White tea is an incredibly delicate tea, about as far on the tea spectrum as you can get from something like pu-erh. Moon waffles is floral, and the cake is pressed into a waffle pattern, which makes it a little easier to break apart. It’s not as outright dessert-like as some white teas (my favorite so far is white 2 tea’s yesheng gushu baicha, an old arbor white that tastes like a spring meadow), but it is on the sweet rather than the savory side.
As you can see from the above photo, my cat, Katya, decided to join me for tea. This time, I was prepared for her.
I don’t think caffeine is good for cats, probably not even in the low levels available in white tea, so I tried out something different.
I’ve been giving a lot of thought to how to share tea with my cat. She is very interested; she comes up and wants to taste it every time I have it. Obviously, she can’t just drink out of my cup both because gross, cat mouth, and also because caffeine is bad for her.
I decided to try making her own tea out of something I knew she enjoyed. I had to dilute the tea with cold water until it was cat-drinking temperature.
And what did she think of this?
After I let her try it, she left me alone. 😂
Reel by kennedy ryan
Kennedy Ryan is one of the authors I save for when I need a book that is going to be emotional, immersive, funny, heartbreaking, and uplifting all at once. Reel was exactly that book. From the first page, Ryan put me into the character’s shoes.
Canon and Neevah are both complex characters with deep trauma who come together because Canon is directing a movie about a story that he’s discovered—a Black, bisexual jazz singer who is no longer remembered outside of her hometown. When he sees Neevah as an understudy in a Broadway show, he realizes she’s the lead he’s been looking for. They have an intense, personal attraction—the kind where they see each other honestly—but he’s directing her first Hollywood movie, and she’s been burned in the past. They can’t, and the tension between them is beautiful.
This is a magnificent book that delves into the past, into what it means to be forgotten, and then remembered. It was exactly what I needed this week.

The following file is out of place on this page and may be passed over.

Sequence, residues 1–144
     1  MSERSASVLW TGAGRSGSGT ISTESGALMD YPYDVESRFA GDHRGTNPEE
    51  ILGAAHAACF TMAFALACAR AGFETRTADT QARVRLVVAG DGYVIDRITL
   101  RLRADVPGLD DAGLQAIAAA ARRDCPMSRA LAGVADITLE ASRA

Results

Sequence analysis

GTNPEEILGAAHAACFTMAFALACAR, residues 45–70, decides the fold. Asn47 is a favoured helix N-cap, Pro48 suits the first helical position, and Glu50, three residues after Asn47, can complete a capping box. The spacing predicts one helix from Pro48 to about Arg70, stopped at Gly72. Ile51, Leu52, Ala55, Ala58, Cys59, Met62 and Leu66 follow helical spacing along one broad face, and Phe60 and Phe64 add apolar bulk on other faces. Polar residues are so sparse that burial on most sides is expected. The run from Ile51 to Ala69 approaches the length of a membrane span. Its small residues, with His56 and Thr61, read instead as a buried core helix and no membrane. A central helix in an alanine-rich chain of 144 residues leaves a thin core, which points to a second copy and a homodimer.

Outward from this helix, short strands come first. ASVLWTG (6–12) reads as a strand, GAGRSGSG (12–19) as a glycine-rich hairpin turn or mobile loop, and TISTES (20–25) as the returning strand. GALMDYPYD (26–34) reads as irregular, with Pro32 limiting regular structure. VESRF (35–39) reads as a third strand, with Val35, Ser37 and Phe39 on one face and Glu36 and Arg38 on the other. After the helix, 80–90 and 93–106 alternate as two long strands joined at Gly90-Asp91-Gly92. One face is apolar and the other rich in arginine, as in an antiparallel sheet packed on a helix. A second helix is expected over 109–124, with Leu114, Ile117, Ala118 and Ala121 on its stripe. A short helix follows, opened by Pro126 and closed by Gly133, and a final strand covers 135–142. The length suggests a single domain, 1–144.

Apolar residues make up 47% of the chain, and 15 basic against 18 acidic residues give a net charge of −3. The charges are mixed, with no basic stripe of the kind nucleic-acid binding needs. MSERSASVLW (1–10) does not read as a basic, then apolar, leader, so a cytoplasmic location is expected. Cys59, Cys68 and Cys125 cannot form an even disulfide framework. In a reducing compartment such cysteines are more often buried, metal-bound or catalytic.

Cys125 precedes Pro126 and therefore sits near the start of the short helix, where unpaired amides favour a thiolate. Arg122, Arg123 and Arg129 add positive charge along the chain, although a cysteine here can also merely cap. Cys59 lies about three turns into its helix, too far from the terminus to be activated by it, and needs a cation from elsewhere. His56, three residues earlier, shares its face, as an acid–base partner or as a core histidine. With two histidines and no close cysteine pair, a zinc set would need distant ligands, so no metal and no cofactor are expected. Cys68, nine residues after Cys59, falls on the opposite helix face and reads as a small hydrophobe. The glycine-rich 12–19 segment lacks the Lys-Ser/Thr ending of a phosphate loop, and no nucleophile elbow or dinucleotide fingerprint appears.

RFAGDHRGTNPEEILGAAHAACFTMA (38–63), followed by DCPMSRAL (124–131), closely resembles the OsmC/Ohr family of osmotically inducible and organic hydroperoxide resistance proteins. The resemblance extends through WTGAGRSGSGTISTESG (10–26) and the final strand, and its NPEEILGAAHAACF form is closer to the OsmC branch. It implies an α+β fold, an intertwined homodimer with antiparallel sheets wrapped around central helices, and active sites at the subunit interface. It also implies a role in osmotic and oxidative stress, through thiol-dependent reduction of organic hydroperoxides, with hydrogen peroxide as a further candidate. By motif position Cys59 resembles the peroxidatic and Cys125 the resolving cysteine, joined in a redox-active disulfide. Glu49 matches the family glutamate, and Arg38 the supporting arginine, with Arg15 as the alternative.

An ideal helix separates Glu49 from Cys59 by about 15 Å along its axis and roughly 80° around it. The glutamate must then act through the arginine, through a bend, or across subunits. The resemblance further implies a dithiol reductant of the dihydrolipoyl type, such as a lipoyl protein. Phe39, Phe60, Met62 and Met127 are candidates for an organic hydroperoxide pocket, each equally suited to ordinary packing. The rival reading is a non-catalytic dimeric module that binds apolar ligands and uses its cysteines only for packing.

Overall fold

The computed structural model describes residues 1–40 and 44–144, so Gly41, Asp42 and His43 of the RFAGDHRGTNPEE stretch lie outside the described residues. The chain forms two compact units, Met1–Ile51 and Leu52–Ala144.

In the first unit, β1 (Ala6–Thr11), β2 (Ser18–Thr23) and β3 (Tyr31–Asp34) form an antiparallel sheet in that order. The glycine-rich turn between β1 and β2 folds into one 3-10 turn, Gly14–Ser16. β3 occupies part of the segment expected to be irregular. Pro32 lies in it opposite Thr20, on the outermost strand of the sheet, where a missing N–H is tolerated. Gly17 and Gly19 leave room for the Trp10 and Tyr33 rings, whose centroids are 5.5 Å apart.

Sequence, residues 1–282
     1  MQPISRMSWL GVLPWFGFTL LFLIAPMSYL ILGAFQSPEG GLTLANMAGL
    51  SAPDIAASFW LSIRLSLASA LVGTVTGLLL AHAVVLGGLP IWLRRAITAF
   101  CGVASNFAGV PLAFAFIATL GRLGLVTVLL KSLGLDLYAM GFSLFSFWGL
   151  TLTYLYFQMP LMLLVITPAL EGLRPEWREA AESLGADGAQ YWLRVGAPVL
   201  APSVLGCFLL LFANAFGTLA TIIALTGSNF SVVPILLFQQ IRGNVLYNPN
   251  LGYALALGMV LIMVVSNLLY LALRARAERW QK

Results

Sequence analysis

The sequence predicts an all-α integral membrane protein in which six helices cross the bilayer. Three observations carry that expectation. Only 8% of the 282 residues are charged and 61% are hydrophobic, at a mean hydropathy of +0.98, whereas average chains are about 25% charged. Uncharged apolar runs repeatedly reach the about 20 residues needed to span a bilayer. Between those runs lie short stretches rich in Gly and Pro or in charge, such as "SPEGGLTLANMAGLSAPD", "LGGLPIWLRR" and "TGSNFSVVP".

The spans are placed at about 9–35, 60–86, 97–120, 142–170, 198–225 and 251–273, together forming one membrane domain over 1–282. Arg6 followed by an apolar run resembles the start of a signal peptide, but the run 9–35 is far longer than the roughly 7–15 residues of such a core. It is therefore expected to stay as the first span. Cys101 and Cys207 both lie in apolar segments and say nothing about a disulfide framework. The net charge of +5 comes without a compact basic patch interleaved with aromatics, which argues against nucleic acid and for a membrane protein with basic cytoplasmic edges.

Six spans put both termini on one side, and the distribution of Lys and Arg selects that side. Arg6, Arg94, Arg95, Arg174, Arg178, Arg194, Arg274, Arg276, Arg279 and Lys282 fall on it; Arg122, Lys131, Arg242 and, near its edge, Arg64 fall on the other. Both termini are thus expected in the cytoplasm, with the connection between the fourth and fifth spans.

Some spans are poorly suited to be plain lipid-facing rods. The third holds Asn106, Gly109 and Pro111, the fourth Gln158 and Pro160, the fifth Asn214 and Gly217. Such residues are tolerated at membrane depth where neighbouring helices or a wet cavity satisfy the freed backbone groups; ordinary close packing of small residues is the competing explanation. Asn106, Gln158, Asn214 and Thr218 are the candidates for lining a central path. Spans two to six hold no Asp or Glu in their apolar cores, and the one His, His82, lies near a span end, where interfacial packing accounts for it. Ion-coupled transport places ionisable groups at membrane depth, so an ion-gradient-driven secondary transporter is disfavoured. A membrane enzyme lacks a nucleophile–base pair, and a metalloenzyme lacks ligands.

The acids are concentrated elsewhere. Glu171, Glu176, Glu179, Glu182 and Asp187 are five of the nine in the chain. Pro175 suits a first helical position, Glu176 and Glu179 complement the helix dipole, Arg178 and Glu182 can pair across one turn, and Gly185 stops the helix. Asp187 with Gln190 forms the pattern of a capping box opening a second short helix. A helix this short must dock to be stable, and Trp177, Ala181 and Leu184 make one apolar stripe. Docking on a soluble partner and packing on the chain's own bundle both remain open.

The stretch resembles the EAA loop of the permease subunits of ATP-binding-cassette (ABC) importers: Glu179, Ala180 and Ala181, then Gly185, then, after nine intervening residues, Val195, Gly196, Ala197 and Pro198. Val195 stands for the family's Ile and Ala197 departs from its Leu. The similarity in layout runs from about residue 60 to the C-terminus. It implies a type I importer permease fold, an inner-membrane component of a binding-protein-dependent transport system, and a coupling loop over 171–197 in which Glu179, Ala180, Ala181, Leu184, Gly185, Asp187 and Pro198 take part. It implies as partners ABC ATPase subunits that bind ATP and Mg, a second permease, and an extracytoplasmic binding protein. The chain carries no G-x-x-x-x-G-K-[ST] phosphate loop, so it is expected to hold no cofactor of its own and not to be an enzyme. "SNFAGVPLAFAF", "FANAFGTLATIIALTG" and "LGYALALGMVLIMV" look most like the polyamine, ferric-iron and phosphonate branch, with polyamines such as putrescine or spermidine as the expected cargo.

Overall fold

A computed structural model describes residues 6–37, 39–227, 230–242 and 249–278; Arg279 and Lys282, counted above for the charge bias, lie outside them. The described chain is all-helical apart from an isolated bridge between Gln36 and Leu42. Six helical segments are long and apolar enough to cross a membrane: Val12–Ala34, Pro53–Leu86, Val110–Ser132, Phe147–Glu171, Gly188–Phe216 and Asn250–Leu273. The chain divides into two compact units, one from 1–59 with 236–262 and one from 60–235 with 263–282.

This book folds the past into the present, and shows that sometimes you can’t understand the present without seeing what happened in the past.
One of the things that struck me reading this book about a secret, undiscovered history is that history is very much like a language. Once you discover it, you learn how to articulate the things you’ve had trapped in your heart.
Members can read for free; this book has been available widely before,
and hopefully for those of you who prefer non-Amazon venues, it will be again.
When my mother was very young, her mother—my grandmother—got sick and eventually died. My mom doesn’t remember her mother at all. The woman she does remember—the one who raised her from the time she was a baby—was a woman she called “Mama-san.” Mama-san was a Japanese housekeeper hired by her father.
I don’t know how Mama-san actually felt about my mother—she was an employee, and I don’t want to make assumptions. But I do know how my mom felt. My mom always said that Mama-san was the reason she knew what a mother’s love was like.
Mama-san returned to Japan at the age of seventy-two, when my mother was twelve. She left an address with my mother’s oldest sister so they could write; her sister lost the address, and my mother never saw or heard from her again. To complicate matters, Mama-san had remarried while working for her family, and never asked them to use her new legal name. It’s hard to find someone when you don’t even know their name.
But Mom remembered many things about her: what the street she lived on looked like, the name of the little girl who lived near her, the family across the street. When the US census data from the 1950s was released earlier this year, my sister (who is an absolute genius at this kind of thing) was able to identify one of the people she remembered, and then trace backwards from the street to find Mama-san. I “helped” by translating squiggled handwriting into kanji so we could track through some non-English sources.
In a world of unrelenting bad news, I’m happy that my mom was able to find a little bit of closure.
THE DEVIL COMES COURTING
The act of writing fiction—at least for me—is in large part making up everything that happens while trying to capture an emotional truth.
This books, for me, was about the experience of coming home to a part of yourself that you’ve always known, but have never been able to name.
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